Given that c=q/v even if I connect it to a higher V, its charge Q may decrease proportionally right? So why should it damage my capacitor? or will the internal electric field get too high and cause the dielectric to break down? Or would it just get too leaky and then overheat due to greatly increased self heating?
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A literal answer is this:
There are three blown capacitors; two can be seen as spirals of grey material still reasonably in situ, the third is nothing more than the base and the internal terminals. They were all rated for 6.3V but, do to a failure in the power regulator, they were connected to a whopping 7.5V. A negligible amount, so one would think, but the outer can of that third capacitor blew off with such force that it punched a hole in a piece of 3mm plastic - about 80mm away - and embedded itself into a battery on the other side.
All that brown stuff is a fibrous material similar to cardboard, and it gets everywhere. I don't know if there's some kind of oil inside the capacitor that dries when it is exposed to air but I do know that it sticks like glue to whatever it lands on.
You have to be careful with these equations.
c=q/v, Q = CV, all look very nice, but they only apply within the limits for which they apply.
For a capacitor, one of the limits is keeping the voltage low enough that the capacitor dielectric stays intact. As you increase the terminal voltage, the electric stress increases across the dielectric, and eventually, it breaks down. When that happens, you don't have a capacitor any more. In the best case you are left with a short circuit or an open circuit. In the worst case you have a lab full of smoke and/or a trip to the ER.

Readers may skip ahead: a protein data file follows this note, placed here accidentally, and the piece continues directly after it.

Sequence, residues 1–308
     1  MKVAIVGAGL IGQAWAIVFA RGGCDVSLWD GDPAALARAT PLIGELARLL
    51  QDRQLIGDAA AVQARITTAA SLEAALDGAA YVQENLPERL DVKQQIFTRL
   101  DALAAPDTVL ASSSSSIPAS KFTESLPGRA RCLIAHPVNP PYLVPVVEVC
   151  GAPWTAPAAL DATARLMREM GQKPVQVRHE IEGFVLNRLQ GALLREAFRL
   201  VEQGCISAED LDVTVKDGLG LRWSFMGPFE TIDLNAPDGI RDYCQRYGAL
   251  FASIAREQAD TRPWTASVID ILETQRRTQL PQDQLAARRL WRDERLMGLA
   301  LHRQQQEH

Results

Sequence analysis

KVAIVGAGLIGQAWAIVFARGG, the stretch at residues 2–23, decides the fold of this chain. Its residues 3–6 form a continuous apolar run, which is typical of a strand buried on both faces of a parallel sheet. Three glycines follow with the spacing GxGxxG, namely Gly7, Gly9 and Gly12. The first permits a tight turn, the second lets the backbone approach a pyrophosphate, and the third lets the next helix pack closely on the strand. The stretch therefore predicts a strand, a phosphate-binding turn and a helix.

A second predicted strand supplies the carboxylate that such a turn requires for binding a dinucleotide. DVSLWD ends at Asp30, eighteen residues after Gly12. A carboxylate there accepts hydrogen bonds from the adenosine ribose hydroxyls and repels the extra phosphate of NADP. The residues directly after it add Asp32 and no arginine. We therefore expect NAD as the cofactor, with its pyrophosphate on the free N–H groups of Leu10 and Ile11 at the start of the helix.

Capacitor manufacturers are quite helpful in printing the maximum voltage their caps will stand before they stop being capacitors. You generally can exceed that a little bit, a few percent, at the cost of capacitor lifetime. If you exceed it by 10s of percent, then you'll find your capacitor lifetime becomes zero.
If you want to know why something is happening in the real world, you need a more complex model than the pure theoretical formula.
How are the capacitors made? They are two thin sheets of electrically conductive material with a thin sheet of electrically insulator material placed between them. The capacitance is given by these sheets' geometry. You need a thinner insulator or a larger surface for higher capacity.
In theory, the insulator does not permit the electrons to flow through it. Materials in real life behave differently. With enough voltage applied, any insulator will be forced to allow electrons to flow through it.
The breakdown voltage where this happens depends on the material, also on its geometry. A thinner sheet of insulator will break down at a lower voltage than a thicker one.
This breakdown phenomenon usually is highly energetic, because the small amount of current will dissipate as heat on the huge resistance of the isolator. This might also be a simplification of the real life phenomenon of overvoltage breakdown. Chemical reactions might also occur which can change the capacitor's behavior.